LONDON – Elton John has no doubt been a member of many exclusive clubs over the decades, but probably nothing quite as exclusive as the one he formally joined on Wednesday.
In an investiture ceremony at Windsor Castle, Prince Charles anointed the musician and charity patron as a member of the Order of the Companions of Honour.
It is one of the highest awards that can be bestowed by Charles' mother, Queen Elizabeth II, to citizens in Britain and across the Commonwealth. The 95-year-old monarch is also a member of the order.
Introduced in 1917 by her grandfather King George V, the award recognizes people who have made “a major contribution to the arts, science, medicine, or government lasting over a long period of time.”
Current members include British environmentalist David Attenborough, Canadian author Margaret Atwood and one of Britain’s greatest-ever athletes Sebastian Coe.
The group, which in the past has included British wartime prime minister Winston Churchill and scientist Stephen Hawking, can only number a maximum of 65, excluding the sovereign, at any one time.
“I was quite taken aback when I got the letter to say that I’d received it because I know it’s, very few people get it," John said after receiving the gold medallion with the inscription “In action faithful and in honour clear.”
John, who was knighted by the queen in 1998, a year after the death of his friend Diana, the Princess of Wales, joined the Companions of Honour in the queen's honors list in late 2019 for his services to music and charity.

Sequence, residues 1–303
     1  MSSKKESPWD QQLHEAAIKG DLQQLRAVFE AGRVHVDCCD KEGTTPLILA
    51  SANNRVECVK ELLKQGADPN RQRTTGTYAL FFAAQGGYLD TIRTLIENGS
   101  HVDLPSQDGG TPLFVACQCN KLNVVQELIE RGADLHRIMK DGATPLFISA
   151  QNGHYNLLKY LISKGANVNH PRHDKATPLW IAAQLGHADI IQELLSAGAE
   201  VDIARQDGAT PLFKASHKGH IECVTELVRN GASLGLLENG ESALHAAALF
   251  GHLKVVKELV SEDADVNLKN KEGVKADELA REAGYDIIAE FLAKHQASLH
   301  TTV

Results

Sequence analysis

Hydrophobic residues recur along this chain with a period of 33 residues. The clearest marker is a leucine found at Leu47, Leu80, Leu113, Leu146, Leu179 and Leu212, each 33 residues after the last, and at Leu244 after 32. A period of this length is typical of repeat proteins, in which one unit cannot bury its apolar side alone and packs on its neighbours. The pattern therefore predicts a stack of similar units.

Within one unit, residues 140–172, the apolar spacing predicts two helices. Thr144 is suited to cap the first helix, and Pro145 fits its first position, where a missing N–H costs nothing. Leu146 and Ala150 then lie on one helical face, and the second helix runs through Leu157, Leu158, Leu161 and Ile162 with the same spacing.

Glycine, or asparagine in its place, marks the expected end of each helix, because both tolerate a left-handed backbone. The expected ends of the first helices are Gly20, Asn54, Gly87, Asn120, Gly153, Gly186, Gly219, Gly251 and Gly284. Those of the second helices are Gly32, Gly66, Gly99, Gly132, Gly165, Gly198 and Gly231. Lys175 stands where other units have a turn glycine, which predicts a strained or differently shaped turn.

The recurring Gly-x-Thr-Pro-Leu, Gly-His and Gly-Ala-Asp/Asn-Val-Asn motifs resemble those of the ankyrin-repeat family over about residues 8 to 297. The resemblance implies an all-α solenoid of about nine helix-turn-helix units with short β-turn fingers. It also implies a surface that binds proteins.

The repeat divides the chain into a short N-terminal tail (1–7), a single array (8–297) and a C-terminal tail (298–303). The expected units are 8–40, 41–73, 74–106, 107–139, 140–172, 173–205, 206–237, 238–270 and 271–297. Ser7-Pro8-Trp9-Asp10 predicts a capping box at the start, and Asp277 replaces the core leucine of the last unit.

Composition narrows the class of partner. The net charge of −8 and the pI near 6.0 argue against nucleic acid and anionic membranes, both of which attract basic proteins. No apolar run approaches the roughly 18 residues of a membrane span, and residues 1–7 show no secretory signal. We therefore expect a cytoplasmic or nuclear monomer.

The 74-year-old singer-songwriter, who walked with the aid of an ornate stick after recent hip surgery, reflected on a career that has seen him release a hit single in every decade since the 1970s, including “Your Song,” “Rocketman” and “Candle in the Wind.” He also took a leading role in a number of charities, notably the Elton John AIDS Foundation.
“I’ve had an amazing life, music has been my life, and I got this for music and for work for charity," said John who was accompanied by his husband David Furnish. “So this is just a reminder that there’s more to do. More work to do for music, more work to do for charity and life is great — I’m so lucky.”
His farewell tour has been pushed back and will kick off next year, but it’s clear he’s more than just still standing despite the operation on his right hip.
“I’ve had a hip replacement but I’m full of beans and I’m full of zest, but this is just a prompter to say ‘come on you’ve got more to do now’,” he said.